Sunday, January 16, 2022

The Kleptocracy of Kazakhstan

 At least 225 dead, over 4000 injured and almost 10,000 arrested after the government of Kazakhstan’s suppression of the numerous demonstrations. The British media, meanwhile, says little about the recently honoured Tony Blair’s publicity relations exercise in 2011 to whitewash the last time Kazakhstan experienced unrest and improve the image of its previous president after civil unrest resulted in what is known as the Zhanaozen Massacre, where 70  people were killed, over 500 injured, and many more including main trade unionists, were arrested.


Former dictator, Nursultan Nazarbayev, believed to still pulling the strings in the autocratic regime, is said to have paid Blair’s consultancy business $13 million for advice.  Like Blair, Nazarbayev was also awarded a title, the ‘Leader of the Nation’, and had the country’s capital renamed Nur-Sultan in his honour in 2019, something Blair has still to achieve. 


The current leader, Kassym-Jomart Tokayev, refuses to concede any legitimacy to the protests, describing those who participated in them as ‘bandits and terrorist’, incited by foreign infiltrators, dismissing as "stupidity", the appeals for all parties to negotiate a peaceful solution. He instead issued a shoot-to-kill order. It has been the Kazakh government itself that has introduced foreign intervention by inviting thousands of Russian troops to help put down the uprising. There also appears to be some internal dissent within the government as Nazarbayev has not spoken or appeared in public since the unrest began and Karim Masimov, the head of the security services and a former prime minister, has been arrested on charges of treason.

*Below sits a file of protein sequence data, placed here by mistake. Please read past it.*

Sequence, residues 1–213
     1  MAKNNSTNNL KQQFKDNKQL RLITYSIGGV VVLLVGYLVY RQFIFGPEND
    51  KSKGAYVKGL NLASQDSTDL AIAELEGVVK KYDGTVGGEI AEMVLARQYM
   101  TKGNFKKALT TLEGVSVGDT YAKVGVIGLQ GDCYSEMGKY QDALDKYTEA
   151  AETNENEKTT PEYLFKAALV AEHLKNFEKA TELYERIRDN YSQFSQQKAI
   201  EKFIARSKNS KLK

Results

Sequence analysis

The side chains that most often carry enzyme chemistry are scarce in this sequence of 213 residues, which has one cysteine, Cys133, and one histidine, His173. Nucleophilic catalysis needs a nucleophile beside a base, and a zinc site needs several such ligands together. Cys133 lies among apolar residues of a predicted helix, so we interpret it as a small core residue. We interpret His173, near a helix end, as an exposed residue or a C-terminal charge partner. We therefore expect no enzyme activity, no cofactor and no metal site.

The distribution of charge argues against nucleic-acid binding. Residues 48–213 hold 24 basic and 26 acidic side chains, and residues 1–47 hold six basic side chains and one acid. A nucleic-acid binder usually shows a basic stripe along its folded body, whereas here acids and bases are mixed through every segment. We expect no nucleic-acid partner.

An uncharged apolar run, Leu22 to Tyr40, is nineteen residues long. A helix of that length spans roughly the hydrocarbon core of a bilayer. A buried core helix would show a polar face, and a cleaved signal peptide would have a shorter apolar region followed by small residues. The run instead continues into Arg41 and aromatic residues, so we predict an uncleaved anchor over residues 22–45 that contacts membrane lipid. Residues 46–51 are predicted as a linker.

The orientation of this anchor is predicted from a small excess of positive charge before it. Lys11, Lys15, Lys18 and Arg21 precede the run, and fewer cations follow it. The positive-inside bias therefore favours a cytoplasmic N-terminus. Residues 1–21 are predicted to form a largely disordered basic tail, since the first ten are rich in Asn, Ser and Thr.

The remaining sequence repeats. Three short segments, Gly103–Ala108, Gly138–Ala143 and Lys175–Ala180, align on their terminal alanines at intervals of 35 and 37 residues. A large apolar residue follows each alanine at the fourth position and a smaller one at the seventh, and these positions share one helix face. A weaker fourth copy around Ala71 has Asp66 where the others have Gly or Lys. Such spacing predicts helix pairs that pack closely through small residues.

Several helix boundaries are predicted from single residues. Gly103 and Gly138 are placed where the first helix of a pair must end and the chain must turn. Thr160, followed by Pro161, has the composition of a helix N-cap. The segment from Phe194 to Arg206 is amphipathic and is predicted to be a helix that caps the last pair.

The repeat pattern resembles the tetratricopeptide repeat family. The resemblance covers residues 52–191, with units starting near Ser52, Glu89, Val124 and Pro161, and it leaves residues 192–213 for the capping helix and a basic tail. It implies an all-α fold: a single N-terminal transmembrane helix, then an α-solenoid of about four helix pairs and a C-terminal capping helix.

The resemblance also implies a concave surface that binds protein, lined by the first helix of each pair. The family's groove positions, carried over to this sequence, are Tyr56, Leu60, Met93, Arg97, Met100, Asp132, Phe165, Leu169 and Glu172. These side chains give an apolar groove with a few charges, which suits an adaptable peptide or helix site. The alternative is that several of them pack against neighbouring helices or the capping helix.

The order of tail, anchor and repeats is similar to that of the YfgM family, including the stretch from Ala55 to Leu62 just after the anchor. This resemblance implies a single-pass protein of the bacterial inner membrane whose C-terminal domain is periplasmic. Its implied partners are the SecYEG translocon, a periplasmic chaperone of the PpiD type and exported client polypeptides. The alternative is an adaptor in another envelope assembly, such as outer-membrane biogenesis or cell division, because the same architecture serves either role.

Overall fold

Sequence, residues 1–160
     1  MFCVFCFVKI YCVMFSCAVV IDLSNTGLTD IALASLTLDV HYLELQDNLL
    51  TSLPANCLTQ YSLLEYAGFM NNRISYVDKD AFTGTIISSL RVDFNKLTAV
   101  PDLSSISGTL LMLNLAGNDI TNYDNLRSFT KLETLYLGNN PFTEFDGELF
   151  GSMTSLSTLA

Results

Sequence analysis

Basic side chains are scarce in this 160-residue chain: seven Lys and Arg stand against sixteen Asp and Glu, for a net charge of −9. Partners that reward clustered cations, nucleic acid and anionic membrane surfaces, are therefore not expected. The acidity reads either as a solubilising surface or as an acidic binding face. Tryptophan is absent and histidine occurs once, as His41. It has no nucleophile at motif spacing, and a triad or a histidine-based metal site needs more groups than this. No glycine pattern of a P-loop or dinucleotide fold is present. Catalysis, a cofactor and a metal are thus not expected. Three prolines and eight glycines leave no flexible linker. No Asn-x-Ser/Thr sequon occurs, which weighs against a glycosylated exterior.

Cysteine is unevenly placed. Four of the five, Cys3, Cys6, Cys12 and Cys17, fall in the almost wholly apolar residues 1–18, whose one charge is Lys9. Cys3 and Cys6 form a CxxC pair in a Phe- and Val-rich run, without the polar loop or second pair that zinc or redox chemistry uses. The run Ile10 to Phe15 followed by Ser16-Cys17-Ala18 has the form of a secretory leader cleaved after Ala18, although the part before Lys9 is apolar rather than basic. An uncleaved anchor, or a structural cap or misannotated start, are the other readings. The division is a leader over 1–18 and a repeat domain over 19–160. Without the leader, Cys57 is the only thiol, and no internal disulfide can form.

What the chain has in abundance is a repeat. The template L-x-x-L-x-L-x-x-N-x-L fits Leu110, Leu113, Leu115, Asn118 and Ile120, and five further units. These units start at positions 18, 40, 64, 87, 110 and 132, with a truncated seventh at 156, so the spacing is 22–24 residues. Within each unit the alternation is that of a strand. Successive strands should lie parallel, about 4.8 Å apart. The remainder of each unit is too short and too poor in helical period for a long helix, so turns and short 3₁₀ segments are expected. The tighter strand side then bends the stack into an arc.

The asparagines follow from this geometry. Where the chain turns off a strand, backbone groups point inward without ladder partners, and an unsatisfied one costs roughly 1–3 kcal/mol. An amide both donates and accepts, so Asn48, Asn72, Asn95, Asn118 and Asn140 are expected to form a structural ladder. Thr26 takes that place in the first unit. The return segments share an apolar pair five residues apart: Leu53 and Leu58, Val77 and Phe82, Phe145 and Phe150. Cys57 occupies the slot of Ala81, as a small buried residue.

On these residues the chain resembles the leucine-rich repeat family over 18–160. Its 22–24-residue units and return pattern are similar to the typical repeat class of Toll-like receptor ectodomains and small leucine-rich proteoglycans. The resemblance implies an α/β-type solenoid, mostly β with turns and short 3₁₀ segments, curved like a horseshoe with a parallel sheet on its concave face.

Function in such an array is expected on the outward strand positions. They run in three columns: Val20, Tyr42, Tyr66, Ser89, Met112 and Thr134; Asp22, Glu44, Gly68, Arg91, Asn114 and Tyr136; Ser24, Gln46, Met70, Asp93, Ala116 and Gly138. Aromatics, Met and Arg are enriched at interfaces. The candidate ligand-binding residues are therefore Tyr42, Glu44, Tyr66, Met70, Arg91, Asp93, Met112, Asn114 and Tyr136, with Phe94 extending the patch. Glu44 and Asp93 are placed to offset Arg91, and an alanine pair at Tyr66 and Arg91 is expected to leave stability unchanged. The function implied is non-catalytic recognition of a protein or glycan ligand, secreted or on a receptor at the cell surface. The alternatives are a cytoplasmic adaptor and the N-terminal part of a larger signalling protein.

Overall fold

Unrest originally began when the cost of liquefied petroleum gas doubled (later rescinded.) It is the fuel 90 percent of their vehicles run on. But the protests were the result of long-standing frustrations with the political and economic situation in the country. It has turned into a generalised protest against corruption, poverty, inequality and lack of democracy. According to a KPMG report, 162 people control about half of Kazakhstan’s total wealth, a country of 19 million.  There prevails widespread economic hardship despite the country’s enormous reserves of oil, natural gas, uranium and minerals.


Much of the people’s anger has been aimed at the wealth amassed by Narzabayev and his family plus their lavish spending. His daughter and grandson own £80m of property in London and in 2020 the National Crime Agency lost a legal action to force them to explain where the money came from. Property of hundreds of millions of pounds across the UK  has been identified as belonging to Kazakhstan’s affluent elite.


There are those who have suggested the events echo one more American CIA-instigated ‘colour revolution’ to de-stabilise another former Soviet republic and Russian ally but the movement has had no obvious organisation behind it but it will not stop such conspiracy theories from spreading on social media. The protests are leader-free and the politicians have not yet taken control.


It is unfortunate due to the small size of the World Socialist Movement that we can only express our outrage at the brutality of the Kazakhstan government, condemn Putin’s military intervention, and offer sympathy and solidarity to our Kazakh fellow workers in their struggle against oppression. But the battle for democracy is a long and arduous one, and even if the Kazakhstan working class successfully depose their present masters, the class war against the replacement rulers requires to continue.

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